Spring has just recently sprung and we are already hearing gossip regarding the future of Bryce Harper. The media loves to build hype on hot topics because that’s their job, but with Harper it’s a real consideration given his talent level and the Nationals need for outfield help. Nobody is going to argue Harper’s potential and natural talent. He’s everything you want in a hitter, he’s a difference maker, a guy that can affect the number on the scoreboard and put a hole in it simultaneously. However I don’t think he should make the big club out of camp and here’s why.
He still has some development in his bat that only facing professionals can teach you. When Harper connects, he hits for power and drives the ball really well. The problem is that I’ve noticed a tendency to get away from a solid approach, and look to hit the ball out of the park. The problems he had with striking out last season were real. Although he made adjustments quickly, he gets away with approach issue because of his lightning quick hands and ability to make contact even when out in front. Not only is the quality of stuff better at the MLB level, but the aptitude is also advanced. We have seen thousands of prospects look like genius’ until they reach the savvy MLB pitching, and they seem overmatched. You don’t have to look too far from Washington to see a prime example in Alex Gordon.
The level of expectations is enormous. He’s not going to get away with failure, because there will be fans who have heard about this other worldly prospect coming to save the Nationals. Point being, Bryce knows how big of a deal he is. He has never had adversity in his baseball career. In front of 40,000 people the mistakes are amplified, especially for a kid who can’t even order a drink at the bar. The mental side of baseball is draining. Last year we saw Jesus Montero suddenly get away from what scouts loved, and there were reports he was “bored” with AAA. Even though he came up and mashed, he likely learned from the experience and was humbled by needing to wait his turn. Those little things don’t fill the stat sheet or help your fantasy team, but they’re real issues that can make or break a player.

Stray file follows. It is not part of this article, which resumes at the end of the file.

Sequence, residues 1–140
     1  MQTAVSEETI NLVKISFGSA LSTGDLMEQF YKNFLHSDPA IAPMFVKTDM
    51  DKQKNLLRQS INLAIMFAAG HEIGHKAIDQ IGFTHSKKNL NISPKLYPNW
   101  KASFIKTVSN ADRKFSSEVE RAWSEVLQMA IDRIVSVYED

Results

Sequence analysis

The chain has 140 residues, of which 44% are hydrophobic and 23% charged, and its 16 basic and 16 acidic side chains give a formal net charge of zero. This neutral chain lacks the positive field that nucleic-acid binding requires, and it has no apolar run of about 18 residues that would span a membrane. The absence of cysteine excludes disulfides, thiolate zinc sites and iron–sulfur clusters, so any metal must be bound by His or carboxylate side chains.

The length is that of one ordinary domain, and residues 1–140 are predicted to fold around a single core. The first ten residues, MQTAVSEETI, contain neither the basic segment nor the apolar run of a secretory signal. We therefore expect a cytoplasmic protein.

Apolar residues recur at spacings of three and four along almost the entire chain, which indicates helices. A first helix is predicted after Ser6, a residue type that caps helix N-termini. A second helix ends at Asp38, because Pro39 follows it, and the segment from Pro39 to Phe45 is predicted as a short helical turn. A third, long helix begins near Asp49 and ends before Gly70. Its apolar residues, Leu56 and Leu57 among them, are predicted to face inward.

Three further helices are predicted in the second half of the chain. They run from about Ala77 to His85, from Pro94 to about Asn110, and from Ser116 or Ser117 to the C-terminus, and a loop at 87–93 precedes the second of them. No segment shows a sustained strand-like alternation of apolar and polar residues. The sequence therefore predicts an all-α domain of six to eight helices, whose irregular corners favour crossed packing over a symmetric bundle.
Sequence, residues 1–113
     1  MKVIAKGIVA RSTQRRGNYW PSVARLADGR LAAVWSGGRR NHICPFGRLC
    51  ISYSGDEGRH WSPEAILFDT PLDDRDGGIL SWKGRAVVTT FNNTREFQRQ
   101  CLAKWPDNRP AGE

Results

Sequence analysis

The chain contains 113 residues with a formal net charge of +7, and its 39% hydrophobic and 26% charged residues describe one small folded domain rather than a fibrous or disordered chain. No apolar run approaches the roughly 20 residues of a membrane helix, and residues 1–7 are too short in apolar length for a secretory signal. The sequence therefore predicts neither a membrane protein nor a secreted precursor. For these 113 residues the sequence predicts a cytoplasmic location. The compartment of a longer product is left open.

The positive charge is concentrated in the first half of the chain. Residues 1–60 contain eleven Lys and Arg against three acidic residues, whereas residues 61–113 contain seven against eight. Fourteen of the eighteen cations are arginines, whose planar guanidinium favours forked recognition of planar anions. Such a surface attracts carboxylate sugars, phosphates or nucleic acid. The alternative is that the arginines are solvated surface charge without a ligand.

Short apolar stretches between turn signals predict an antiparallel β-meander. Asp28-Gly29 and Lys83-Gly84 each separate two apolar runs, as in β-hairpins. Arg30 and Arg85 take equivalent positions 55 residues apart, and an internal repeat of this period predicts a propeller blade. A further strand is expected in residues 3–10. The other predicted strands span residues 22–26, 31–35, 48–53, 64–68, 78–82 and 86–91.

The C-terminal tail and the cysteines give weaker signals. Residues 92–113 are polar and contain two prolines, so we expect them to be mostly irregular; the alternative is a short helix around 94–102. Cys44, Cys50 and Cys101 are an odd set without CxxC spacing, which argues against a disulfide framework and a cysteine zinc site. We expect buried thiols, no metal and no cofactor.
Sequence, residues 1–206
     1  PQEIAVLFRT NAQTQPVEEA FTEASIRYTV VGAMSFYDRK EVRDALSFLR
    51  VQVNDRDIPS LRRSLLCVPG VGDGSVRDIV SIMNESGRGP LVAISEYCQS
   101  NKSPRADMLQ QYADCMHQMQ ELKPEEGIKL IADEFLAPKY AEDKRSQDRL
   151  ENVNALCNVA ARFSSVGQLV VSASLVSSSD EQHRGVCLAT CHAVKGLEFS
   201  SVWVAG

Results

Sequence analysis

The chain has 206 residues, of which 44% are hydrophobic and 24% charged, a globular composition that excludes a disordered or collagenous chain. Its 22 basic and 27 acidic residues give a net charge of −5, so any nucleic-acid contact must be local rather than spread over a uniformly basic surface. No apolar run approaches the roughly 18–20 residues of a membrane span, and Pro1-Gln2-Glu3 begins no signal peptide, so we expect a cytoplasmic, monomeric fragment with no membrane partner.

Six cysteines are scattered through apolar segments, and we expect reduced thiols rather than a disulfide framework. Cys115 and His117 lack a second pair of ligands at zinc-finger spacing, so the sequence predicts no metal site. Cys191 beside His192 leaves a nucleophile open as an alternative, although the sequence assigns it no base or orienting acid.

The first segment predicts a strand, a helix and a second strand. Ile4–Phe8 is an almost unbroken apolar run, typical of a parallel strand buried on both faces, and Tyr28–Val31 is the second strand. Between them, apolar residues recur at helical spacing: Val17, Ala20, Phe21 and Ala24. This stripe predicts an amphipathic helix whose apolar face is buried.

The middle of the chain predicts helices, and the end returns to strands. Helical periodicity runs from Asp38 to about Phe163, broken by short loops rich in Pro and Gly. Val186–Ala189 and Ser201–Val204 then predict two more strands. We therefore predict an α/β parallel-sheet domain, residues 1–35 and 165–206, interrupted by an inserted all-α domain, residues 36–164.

With this off-season’s acquisitions, the Nationals are getting closer to being legitimate contenders in the NL East. Their rotation is looking more like San Francisco’s than the Mets, and their future infield is looking impressive. However in such a tough division they’re not in World Series contention just yet. They’re going to need a few more pieces to develop offensively before they’re taking on the Braves and Phillies. The best move is to let Harper develop physically, mechanically and most importantly mentally because the future is bright for Nats fans.
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